International Justice

CJ354 Endicott College

No peace and no justice- what happens when the debate between the two leaves nations with neither?

While reading “Justice in Conflict? The ICC and Peace Processes” by Nick Grono and Adam O’Brien, I found their observation that “peace deals that sacrifice justice often fail to produce peace” very compelling.  In our discussions and readings of the dichotomy between peace and justice, and those who advocate for one or the other, there is certainly a possibility that neither will come to fruition.

This observation is certainly an apt counterargument to ICC critics who assert that the arrest warrants for Joseph Kony and other LRAs leaders are inhibiting the peace process in Uganda; it is reasonable to think that, once granted amnesty from the international courts, the LRA would continue their reign of terror in northern Uganda in spite of peace treaties signed in Kampala.

Moreover, I think this type of scenario would pose an even greater challenge to the international community – if peace deals fail to protect victims from the violence they aimed to halt, and justice has been sacrificed in the name of protecting those victims, how must the international community respond then?

Grono and O’Brien point to Foday Sankoh in Sierra Leone and Jonas Savimbi in Angola as examples of places where violence continued after peace treaties were signed.  Can anyone think of other examples of post-conflict nations where this ‘no peace, no justice’ label might apply?


One response to “No peace and no justice- what happens when the debate between the two leaves nations with neither?

  1. alexdavis073192 December 4, 2012 at 10:00 am

    As opponents to the ICC position in Uganda note, peace and justice are not mutually exclusive events. If the ICC were to withdraw its arrest warrants against Kony and other LRA leaders, it does not rule out prosecutorial paths in the future.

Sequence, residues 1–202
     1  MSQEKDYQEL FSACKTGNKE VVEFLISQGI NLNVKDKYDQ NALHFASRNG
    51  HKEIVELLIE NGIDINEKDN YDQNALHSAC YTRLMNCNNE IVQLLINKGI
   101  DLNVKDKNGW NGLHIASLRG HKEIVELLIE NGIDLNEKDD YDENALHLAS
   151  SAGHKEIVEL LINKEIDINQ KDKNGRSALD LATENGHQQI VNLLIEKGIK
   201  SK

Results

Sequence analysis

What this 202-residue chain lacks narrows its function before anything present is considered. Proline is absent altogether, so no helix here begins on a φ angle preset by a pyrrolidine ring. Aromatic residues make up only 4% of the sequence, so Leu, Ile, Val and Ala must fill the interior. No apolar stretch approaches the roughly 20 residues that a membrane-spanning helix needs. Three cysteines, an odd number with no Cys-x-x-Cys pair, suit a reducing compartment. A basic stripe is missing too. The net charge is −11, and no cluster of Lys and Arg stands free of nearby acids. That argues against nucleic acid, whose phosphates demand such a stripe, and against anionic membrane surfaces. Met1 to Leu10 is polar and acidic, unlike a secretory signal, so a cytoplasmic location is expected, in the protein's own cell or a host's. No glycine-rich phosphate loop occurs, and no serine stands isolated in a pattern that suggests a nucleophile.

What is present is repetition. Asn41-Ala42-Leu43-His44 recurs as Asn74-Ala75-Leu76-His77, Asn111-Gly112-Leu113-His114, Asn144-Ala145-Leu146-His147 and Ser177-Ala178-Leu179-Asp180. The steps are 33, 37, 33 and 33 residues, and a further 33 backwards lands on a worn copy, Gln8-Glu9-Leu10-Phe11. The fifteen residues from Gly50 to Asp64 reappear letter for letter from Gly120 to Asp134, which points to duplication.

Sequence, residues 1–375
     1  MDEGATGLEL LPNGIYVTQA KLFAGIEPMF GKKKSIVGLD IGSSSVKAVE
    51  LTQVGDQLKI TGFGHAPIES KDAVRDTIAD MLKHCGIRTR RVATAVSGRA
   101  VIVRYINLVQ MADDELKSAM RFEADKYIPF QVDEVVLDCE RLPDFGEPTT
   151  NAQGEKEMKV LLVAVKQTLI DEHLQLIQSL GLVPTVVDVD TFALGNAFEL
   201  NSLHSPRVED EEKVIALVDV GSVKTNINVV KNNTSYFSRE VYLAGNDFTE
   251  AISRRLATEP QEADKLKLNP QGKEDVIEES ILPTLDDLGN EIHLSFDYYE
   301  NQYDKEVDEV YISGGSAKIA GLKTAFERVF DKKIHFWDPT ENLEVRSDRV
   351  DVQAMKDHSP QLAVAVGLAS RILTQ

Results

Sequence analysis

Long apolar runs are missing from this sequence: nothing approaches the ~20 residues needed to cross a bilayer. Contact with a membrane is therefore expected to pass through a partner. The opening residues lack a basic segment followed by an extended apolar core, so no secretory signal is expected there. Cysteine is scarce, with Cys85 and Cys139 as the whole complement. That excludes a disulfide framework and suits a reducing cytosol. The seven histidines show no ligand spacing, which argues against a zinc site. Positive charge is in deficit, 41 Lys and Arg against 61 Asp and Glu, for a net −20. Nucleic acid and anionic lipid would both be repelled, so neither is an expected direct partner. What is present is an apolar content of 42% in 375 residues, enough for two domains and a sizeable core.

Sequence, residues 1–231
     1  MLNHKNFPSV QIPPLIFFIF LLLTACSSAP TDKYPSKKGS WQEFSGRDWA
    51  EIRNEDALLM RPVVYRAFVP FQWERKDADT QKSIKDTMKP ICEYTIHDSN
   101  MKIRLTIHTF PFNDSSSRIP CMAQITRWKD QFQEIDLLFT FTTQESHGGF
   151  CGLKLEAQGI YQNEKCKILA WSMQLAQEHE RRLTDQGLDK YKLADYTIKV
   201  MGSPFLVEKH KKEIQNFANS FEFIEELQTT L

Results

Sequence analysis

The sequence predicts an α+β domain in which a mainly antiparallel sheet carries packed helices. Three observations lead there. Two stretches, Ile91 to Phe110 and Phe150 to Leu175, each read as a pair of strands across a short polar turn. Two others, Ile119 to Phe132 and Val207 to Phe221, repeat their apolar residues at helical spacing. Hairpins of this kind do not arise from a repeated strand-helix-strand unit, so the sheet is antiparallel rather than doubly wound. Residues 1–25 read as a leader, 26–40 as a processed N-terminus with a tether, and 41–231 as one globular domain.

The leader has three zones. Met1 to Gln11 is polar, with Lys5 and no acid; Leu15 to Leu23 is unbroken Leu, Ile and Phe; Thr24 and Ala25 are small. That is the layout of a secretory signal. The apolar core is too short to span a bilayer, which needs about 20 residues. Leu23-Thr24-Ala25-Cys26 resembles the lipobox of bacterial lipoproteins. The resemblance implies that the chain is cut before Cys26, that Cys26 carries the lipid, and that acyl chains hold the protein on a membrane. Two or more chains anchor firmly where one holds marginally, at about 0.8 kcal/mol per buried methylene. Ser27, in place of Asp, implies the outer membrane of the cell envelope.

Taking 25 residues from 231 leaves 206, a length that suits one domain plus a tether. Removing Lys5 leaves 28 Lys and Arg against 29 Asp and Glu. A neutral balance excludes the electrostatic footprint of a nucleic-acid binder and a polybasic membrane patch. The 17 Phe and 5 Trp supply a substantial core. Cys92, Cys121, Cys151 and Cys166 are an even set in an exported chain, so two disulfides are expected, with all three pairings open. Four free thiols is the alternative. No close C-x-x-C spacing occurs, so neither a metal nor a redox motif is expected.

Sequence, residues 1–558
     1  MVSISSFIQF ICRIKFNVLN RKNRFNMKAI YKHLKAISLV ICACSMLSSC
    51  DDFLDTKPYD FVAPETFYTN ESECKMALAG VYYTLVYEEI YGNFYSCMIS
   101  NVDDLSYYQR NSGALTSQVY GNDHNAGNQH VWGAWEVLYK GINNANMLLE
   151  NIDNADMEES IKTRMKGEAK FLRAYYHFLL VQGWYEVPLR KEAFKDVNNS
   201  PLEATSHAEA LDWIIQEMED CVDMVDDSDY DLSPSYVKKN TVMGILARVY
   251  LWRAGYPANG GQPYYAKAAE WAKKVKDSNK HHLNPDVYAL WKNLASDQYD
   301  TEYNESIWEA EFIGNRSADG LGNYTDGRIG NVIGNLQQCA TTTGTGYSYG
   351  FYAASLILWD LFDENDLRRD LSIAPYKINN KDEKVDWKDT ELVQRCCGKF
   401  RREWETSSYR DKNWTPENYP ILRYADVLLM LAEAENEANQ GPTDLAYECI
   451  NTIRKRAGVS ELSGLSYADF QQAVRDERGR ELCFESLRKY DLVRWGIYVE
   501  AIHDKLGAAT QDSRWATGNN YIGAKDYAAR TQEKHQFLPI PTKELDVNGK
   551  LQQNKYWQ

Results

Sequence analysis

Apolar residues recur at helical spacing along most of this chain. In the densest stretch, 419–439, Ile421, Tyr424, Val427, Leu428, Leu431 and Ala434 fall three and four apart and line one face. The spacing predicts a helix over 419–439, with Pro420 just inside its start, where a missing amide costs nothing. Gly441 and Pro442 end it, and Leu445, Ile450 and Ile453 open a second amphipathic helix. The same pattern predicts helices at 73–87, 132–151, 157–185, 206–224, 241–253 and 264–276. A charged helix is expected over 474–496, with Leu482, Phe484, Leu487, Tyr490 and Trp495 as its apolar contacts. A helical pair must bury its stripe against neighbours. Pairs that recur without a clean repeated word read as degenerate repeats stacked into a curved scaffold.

Similarly, one of the bedrock foundations of any justification of international transitional justice programs, is the dignity of human life. Humans are valued as the most important units in the international system. The thought process that should serve as a lynchpin to an justice programs should be, “Does this policy best protect the dignity of life in the reconciliatory program of the new regime.” Until the ICC shows the ability to actually enforce its arrest warrant in a reliable fashion, I believe that peace now, and justice later in Uganda best serves the interest of the individuals who are still suffering in the conflict, with prosecutorial strategies to combat impunity and deter future abuses taking place in the future.

    Having said this, my thoughts on the matter are not completely set in stone. I am persuaded by the argument that the ICC warrant has pressured Kony and the LRA to stop committing widespread atrocities, and come to the table. I just wonder if it is now rational for Kony and the LRA to actually sign a treaty, and stop the violence, as it is likely the top commanders would then stand trial at the hague.

    Basically if the ICC thinks it can actually capture Kony and the top leaders, i believe justice now, peace later is the correct policy. But if not, the ugandan populace is caught in the crosshairs of international justice politics.

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